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Vitamin C and Dehydro Ascorbic Acid Serum Contra-indications and Side Effects

The main concern with any Vitamin C product occurs when megadoses are consumed orally. The powerful antioxidant activity can neutralise the active ingredients of some drugs including some of those used in chemotherapy, blood thinning agents and psychoactive drugs.

Some antibiotics work well with Vitamin C while others are less effective in it's presence. Asprin and NSAID's drug types are also incompatable with vitamin C as they are inclined to cancel each other out. This is because Vitamin C is a toxin neutraliser.

If you have a medical issue and/or are taking prescription drugs check with your health professional. If you can, preferably find one who has researched the topic. Some medical profesionals have a deeply rooted anti-vitamin stance because of the many false claims made on the internet regarding curing cancer and the emotional damage caused by giving false expectations to vulnerable patients.

On the positive side new research is constantly proving how important vitamin C is for a myriad of difficult to treat illnesses, infections and some cancers, particularly regarding quality of life in palliative cases.

Drugs.com list 137 drugs that interact with Vitamin C, only eight have moderate interactions, a further 129 are considered to have minor interactions. Unlike most drugs vitamin C is relatively compatable with the vast majority of treatments and is completely harmless to almost everyone.

However, if you are considering megadosing any type of vitamin C have a blood test to check for G6PD deficiency. This rare condition reduces vitamin C tolerance and you can have a serious reaction to a high dose.

Diarrhea also often occurs at high doses of vitamin C.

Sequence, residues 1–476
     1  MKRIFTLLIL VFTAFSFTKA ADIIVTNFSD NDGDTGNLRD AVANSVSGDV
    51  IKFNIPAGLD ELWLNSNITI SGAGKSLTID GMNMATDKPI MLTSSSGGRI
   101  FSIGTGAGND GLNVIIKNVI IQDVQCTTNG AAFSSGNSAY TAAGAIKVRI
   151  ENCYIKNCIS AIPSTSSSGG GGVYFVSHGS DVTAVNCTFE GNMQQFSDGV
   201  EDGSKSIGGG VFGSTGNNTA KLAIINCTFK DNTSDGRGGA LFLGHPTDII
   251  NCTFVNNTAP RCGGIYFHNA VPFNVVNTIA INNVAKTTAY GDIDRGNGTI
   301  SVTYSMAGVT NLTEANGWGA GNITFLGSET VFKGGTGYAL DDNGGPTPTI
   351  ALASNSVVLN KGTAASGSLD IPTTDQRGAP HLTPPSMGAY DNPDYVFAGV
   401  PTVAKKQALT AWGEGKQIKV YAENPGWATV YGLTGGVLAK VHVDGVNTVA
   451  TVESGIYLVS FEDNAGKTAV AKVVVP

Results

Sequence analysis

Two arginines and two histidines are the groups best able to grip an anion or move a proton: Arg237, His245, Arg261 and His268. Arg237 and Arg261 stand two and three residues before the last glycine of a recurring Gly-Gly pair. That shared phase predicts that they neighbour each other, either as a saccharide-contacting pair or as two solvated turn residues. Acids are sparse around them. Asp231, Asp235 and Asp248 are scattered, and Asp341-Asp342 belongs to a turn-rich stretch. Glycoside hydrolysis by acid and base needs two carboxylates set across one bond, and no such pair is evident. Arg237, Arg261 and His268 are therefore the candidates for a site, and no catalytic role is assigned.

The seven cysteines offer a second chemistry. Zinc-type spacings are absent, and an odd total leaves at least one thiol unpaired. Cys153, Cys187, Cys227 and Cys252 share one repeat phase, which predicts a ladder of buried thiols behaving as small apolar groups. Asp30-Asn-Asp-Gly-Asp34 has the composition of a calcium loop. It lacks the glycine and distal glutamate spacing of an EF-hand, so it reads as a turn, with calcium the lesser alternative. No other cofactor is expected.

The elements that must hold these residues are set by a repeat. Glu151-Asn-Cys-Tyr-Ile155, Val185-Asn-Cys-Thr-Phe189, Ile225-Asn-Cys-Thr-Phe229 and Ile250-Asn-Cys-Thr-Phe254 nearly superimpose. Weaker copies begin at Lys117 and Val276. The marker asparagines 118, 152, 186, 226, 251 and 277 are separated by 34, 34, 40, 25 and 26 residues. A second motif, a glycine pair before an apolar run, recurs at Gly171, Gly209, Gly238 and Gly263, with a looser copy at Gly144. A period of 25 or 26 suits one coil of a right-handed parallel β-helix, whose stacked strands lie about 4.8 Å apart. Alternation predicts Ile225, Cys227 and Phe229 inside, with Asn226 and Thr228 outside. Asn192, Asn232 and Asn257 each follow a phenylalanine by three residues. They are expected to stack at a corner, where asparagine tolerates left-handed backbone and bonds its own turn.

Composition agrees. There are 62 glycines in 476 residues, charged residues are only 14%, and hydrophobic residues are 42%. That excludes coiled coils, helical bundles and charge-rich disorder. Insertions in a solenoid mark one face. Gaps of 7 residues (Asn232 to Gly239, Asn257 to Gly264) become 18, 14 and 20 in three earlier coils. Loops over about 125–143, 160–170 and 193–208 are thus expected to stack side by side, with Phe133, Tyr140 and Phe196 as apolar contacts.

If you take the DHAA/Vitamin C serum orally remember that the DHAA component is seven times more potent/absorbable than normal Vitamin C. Just 5 grams of pure Dehydroascorbic acid will raise blood vitamin C levels around the same as 36 grams of Lipospheric Vitamin C.

DHAA Blood Levels

Doug Kitt raised his blood levels of Asorbic Acid to 472uM/L with 5 grams of DHAA without incurring diarrhea, the highest ever blood levels of vitamin C recorded from an oral dose....more

Liposomal Vitamin C Blood Levels

Even after ingesting 36 grams of lipospheric sodium ascorbate two volunteers only achieved a Vitamin C blood level of 430uM/L with both subjects experiencing diarrhoea....more.

Important Considerations with High Dose DHAA

Most of the cases reported on this website used doses of between 500mg to 1000mg per day topically. Little DHAA is needed as it is very potent form of vitamin C due to it's high absorbtion rates whether taken orally or topically.

Experimenting with high dose oral DHAA (more than 3 grams) is new and largely untested. As demonstrated by Doug Kitt's research DHAA is a very potent form of Vitamin C when taken orally and only IV infusuion can raise blood levels further.

I have frequently taken up to 4 grams per day in staggered doses or single doses, personally I would only go beyond that with extreme caution. One teaspoon of our DHAA Ascorbic Acid Serum contains around 750mg of total vitamin C. The DHAA content is slightly less than half of the total vitamin C.

Ingredients are: Organic Vegetable Glycerine and Ascorbic Acid. Only pure oxygen is used in the manufacturing process to convert some of the ascorbic acid to dehydoascorbic acid.

Cystine supplements may also be required to ensure the body has sufficient to maintain glutathion levels if taking high dose DHAA.

Bowel tolerance levels may not be reached with DHAA so the titrating to bowel tolerance test should not be used for DHAA as you could overload your glutathione producing capability.

Without question DHAA is the most potent form of Vitamin C for raising blood levels of natural Ascorbic Acid. Always remember much less is needed to do the job!

The Asorbic Acid and Dehydroascorbic Acid we use in our products are the two most natural forms of vitamin C.

Important Information

This information above should not be used to decide whether or not to take vitamin C in excess of the recommended daily dose. Only your health care provider has the knowledge and training to decide which medicines are right for you. This information does not endorse any vitamin doseage above the recommended daily dose as safe, effective, or approved for treating any patient or health condition. It does not include all information about the possible uses, directions, warnings, precautions, interactions, adverse effects, or risks that may apply to vitamin C above the recommended daily dose.

This information is not medical advice and does not replace information you receive from your health care provider. You must talk with your healthcare provider for complete information about the risks and benefits of using high dose vitamin c in particular.